Call me modernist if you wish, but I really don’t know how to inhabit life without my own personal interests, memories, and desires, all working together to create my perception. Yesterday my daughter wrote, You love luck. She’s a perceptive one, but that is hardly a secret. I am obsessed with lucky objects, from a penny found on the road to any number of things that seem to ignite good fortune. I am equally obsessed with avoiding bad luck or drifting into that storyline. Not like I play the lottery, but if I am able to wrap up my work day with enough time to enjoy the outdoors under a moving canopy, I consider my fortune to be worthwhile. This week I’ve had a string of days with such luck. Hiking, running, biking and even a woods walk, all skirted between rain bursts.
Today of all days we needed to get out of the classroom and out into the world of art, artifacts, and architecture, if for no other reason than to return the joyous smiles to our lucky busload of students. These kiddos have hung in through the shut-down of COVID, the masked return, the uncertainty of their future, civil liberties, freedoms, and especially their lives. Even with the wind blowing at a mighty clip, or perhaps in awe of it, we stood in front of Nancy Winship Milliken’s moving sculptures and allowed the conversation to soar. Nothing like a road-trip field-trip to generate well-needed good vibes to keep spirits moving to the positive.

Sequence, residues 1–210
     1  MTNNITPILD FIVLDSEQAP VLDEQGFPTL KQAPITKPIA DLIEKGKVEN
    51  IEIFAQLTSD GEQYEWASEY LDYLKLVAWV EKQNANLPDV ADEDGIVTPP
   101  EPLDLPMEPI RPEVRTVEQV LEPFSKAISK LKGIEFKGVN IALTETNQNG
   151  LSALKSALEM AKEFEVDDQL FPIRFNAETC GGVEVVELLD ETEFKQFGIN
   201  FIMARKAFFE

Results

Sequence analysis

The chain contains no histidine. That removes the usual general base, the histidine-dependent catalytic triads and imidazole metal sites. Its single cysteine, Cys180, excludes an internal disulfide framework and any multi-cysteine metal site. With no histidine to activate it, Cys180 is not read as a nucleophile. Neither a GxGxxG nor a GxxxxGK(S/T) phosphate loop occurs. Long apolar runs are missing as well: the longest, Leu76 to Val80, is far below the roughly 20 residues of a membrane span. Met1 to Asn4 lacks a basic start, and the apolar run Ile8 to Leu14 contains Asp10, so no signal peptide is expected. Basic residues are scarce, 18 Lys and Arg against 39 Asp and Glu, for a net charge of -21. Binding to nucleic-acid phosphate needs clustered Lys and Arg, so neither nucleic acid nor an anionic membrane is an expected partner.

Often I end my school year on a high, feeling each student’s gain as my own, each of their successes intrinsically linked to my doing. Well, perhaps that is a bit egotistically, but I do work very very hard all year long, meeting students where they are, and helping them make steps toward their goals, so often I celebrate their favorable results. Equally true is my sense of loss when they don’t hit the mark.
But this year, there is no meter or measurement that could calculate as it once did. While in dismissal, so many students worked through remarkable challenges to attend google meets whether on their beds, on a Spring-time sunny deck, sitting in isolation while in noisy kitchens, or even driving in a car, and often times with confusion and worry etched into their faces. Yet together we moved into unknown territory to find meaning and hope and the value in learning, despite uneven odds. There is little to discuss about school prior to March, as what followed was so unprecedented, but all the work I did (and teachers around the globe did) to keep students’ trust, to reenergize their enthusiasm, and to maintain consistent pathways for them to work remotely, were crafted and put solidly in place, and that speaks volumes. Students, many who were at first melancholy over everything they lost, gained strength from each other, from this new community, and worked diligently until the end. I am proud of their integrity and resolve.